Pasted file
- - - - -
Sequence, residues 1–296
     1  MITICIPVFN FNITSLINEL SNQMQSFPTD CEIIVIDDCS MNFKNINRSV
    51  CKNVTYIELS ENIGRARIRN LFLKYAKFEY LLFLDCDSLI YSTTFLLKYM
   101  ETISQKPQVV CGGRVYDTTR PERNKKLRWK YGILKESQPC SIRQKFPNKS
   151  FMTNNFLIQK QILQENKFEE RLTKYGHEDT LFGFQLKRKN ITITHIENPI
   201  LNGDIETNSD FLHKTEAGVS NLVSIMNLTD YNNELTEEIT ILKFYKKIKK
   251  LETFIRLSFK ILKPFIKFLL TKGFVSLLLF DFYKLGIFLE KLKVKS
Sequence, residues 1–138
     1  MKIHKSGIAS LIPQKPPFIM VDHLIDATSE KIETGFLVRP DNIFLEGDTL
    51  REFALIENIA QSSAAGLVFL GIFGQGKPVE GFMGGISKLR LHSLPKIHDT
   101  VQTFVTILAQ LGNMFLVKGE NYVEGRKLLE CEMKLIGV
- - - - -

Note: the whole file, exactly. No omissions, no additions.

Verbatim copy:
Sequence, residues 1–296
     1  MITICIPVFN FNITSLINEL SNQMQSFPTD CEIIVIDDCS MNFKNINRSV
    51  CKNVTYIELS ENIGRARIRN LFLKYAKFEY LLFLDCDSLI YSTTFLLKYM
   101  ETISQKPQVV CGGRVYDTTR PERNKKLRWK YGILKESQPC SIRQKFPNKS
   151  FMTNNFLIQK QILQENKFEE RLTKYGHEDT LFGFQLKRKN ITITHIENPI
   201  LNGDIETNSD FLHKTEAGVS NLVSIMNLTD YNNELTEEIT ILKFYKKIKK
   251  LETFIRLSFK ILKPFIKFLL TKGFVSLLLF DFYKLGIFLE KLKVKS
Sequence, residues 1–138
     1  MKIHKSGIAS LIPQKPPFIM VDHLIDATSE KIETGFLVRP DNIFLEGDTL
    51  REFALIENIA QSSAAGLVFL GIFGQGKPVE GFMGGISKLR LHSLPKIHDT
   101  VQTFVTILAQ LGNMFLVKGE NYVEGRKLLE CEMKLIGV